What I don’t do – acts of omission

Meeting new people, we often ask, “What are you actually doing?”

I, for one, am beginning to realize that this is the less important and interesting question to ask, or to answer. More could be said about what I don’t do – consciously and intentionally.

Nassim Taleb uses the phrase via negativa (slightly redefined) in Antifragile. He writes:

Yet in practice it is the negative that’s used by the pros, those selected by evolution: chess grandmasters usually win by not losing; people become rich by not going bust (particularly when others do); religions are mostly about interdicts; the learning of life is about what to avoid.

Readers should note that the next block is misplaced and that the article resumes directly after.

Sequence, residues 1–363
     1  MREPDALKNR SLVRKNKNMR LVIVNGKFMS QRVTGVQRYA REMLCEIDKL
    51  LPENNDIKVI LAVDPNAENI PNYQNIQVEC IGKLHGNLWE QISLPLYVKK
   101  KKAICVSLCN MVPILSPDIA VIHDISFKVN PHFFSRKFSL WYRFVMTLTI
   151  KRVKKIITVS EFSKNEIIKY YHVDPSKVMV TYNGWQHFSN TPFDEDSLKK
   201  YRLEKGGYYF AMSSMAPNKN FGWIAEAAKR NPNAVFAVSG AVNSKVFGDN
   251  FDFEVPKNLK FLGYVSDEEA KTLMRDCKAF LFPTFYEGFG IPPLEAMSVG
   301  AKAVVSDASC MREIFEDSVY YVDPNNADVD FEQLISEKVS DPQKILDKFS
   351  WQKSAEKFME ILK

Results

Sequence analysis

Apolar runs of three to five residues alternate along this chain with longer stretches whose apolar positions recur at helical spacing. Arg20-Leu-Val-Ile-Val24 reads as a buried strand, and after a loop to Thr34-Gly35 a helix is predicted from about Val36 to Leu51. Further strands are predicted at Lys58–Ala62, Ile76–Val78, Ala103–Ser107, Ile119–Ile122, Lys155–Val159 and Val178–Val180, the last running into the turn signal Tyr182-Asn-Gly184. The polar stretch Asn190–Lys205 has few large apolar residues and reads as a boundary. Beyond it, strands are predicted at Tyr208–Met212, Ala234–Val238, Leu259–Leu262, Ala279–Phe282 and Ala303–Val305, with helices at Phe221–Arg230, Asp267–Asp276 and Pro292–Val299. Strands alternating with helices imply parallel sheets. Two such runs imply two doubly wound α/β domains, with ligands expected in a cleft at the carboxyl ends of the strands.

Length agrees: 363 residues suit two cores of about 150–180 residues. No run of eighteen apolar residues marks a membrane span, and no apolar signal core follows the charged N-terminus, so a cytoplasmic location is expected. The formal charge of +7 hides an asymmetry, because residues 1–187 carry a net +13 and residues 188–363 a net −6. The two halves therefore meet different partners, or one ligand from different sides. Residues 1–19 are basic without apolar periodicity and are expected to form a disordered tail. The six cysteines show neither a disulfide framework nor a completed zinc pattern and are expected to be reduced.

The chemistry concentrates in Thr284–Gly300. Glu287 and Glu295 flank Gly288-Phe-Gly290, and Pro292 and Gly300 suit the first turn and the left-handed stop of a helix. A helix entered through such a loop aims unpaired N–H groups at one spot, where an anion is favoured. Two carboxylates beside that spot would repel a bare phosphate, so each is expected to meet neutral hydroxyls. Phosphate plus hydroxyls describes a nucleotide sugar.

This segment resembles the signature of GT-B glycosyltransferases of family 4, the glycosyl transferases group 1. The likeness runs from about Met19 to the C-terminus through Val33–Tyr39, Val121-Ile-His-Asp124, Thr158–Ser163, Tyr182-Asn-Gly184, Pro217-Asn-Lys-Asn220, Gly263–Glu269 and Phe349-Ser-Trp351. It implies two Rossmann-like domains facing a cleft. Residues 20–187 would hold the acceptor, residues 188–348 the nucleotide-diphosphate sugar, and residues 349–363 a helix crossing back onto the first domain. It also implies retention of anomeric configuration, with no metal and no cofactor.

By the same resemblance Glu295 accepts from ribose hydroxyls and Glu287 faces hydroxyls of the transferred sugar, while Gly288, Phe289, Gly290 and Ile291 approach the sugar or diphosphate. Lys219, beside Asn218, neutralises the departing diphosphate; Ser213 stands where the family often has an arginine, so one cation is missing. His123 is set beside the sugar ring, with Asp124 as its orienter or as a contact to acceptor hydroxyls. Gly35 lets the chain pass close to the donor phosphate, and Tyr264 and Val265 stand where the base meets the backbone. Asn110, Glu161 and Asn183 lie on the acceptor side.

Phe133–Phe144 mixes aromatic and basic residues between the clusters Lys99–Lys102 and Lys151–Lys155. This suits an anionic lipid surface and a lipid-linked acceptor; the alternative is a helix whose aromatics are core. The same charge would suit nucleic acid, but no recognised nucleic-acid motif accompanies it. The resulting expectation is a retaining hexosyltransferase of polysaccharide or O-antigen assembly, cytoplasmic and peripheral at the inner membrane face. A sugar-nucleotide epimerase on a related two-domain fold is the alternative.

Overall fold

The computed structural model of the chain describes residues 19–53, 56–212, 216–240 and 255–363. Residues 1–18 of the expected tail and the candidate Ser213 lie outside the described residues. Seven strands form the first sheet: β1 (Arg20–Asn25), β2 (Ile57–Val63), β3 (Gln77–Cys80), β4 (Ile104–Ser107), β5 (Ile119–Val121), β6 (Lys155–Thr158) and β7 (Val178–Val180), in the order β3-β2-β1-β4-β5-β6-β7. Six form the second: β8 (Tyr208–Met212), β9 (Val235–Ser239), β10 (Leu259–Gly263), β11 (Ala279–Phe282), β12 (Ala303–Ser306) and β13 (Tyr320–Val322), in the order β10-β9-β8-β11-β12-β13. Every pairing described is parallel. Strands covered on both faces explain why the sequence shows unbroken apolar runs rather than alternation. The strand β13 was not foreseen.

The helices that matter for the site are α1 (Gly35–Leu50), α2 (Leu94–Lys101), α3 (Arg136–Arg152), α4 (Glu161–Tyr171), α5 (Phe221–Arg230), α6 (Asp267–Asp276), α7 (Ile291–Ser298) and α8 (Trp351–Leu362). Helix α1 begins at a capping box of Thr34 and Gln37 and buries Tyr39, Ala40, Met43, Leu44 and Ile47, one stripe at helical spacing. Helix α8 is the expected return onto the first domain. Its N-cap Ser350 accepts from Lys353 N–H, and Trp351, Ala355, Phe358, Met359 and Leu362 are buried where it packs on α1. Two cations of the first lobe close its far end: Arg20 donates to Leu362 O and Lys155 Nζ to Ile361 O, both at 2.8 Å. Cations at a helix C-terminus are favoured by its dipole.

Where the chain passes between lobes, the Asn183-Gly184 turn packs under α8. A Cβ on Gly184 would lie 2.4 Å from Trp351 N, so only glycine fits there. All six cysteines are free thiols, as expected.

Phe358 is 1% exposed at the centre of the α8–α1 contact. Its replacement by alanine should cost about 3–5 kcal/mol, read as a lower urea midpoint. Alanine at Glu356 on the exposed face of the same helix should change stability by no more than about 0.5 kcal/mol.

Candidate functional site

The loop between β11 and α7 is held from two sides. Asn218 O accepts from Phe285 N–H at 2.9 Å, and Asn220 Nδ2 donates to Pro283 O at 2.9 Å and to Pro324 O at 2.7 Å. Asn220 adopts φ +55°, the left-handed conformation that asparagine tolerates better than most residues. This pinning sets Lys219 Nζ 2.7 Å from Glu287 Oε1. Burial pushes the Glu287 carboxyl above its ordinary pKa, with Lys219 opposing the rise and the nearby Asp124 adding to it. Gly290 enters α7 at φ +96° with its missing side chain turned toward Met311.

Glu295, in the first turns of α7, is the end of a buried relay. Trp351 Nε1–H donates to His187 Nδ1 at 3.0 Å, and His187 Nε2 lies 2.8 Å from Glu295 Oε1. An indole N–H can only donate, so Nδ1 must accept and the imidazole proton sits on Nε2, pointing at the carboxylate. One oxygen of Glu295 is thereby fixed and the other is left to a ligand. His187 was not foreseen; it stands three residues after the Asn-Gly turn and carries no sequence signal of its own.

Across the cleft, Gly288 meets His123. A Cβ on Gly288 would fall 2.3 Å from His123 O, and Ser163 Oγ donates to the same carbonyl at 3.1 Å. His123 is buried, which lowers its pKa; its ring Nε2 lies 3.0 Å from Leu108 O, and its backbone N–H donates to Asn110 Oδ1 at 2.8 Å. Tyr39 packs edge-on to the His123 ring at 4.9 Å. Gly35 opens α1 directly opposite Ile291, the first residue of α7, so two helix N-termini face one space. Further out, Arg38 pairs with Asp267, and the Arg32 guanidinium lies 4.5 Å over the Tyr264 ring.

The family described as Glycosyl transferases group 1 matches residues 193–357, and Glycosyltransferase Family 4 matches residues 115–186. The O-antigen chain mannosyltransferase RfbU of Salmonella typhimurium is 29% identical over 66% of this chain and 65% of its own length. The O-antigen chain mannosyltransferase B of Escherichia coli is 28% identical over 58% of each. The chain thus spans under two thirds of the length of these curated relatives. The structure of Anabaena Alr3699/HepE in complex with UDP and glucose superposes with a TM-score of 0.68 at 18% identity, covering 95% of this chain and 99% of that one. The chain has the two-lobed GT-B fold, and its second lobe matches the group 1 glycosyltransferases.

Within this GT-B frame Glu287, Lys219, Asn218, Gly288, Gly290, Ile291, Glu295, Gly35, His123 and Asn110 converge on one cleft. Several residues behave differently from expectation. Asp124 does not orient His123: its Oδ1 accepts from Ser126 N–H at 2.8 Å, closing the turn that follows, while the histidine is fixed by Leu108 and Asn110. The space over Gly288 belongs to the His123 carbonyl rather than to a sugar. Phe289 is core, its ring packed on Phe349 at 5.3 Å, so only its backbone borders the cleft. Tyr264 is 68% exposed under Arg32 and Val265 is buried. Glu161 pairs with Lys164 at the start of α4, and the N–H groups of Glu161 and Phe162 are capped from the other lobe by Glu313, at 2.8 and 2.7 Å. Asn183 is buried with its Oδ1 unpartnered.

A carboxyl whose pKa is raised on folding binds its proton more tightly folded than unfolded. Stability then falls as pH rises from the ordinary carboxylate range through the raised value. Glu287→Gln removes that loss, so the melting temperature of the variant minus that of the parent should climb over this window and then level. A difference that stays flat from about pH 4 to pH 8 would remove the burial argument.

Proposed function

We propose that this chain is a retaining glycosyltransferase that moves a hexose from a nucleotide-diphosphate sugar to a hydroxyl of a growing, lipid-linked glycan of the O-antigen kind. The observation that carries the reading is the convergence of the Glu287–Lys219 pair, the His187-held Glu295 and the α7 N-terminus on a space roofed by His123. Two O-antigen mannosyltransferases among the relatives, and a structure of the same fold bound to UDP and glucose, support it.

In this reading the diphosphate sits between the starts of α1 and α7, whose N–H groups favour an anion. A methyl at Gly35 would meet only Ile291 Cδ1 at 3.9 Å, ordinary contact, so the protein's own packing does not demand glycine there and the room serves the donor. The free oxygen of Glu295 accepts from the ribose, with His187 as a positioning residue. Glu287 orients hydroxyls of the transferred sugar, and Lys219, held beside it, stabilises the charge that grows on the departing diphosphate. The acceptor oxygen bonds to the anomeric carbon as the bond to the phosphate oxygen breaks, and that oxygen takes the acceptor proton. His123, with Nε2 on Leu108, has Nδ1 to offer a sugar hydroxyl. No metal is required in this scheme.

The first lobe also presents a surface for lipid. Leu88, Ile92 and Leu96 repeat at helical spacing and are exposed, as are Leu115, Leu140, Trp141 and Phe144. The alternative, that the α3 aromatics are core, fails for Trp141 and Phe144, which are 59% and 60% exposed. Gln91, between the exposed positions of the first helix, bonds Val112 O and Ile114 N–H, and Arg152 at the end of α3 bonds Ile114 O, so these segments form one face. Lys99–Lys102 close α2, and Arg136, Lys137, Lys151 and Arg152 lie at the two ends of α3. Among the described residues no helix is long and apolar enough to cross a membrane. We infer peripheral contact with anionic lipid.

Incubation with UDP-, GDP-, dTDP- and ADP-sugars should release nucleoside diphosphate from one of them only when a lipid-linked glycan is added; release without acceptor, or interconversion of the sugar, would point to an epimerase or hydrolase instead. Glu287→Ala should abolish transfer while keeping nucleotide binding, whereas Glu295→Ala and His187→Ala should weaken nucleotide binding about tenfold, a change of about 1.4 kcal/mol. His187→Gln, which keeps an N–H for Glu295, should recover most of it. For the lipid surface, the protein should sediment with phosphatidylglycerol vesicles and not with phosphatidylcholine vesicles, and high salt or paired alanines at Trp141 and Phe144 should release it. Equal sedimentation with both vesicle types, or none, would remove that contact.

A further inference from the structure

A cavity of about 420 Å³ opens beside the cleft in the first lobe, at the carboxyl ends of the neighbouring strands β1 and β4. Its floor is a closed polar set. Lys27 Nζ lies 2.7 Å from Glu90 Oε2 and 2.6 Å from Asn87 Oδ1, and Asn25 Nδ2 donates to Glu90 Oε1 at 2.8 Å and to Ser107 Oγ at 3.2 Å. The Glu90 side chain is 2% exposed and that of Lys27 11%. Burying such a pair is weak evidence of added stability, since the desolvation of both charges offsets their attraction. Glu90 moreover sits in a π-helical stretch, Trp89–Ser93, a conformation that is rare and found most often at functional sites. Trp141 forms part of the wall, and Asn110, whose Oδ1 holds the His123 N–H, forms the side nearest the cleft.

It’s fascinating. The underlying mechanic is this:

Positive action, doing, is “respected and glorified by our primitive minds” (location 5042).

Negative actions, not doing something, “are not considered acts and do not appear to be part of one’s mission” (location 5047).

So when we meet next time, let’s talk about what we don’t do that is working for us.

 
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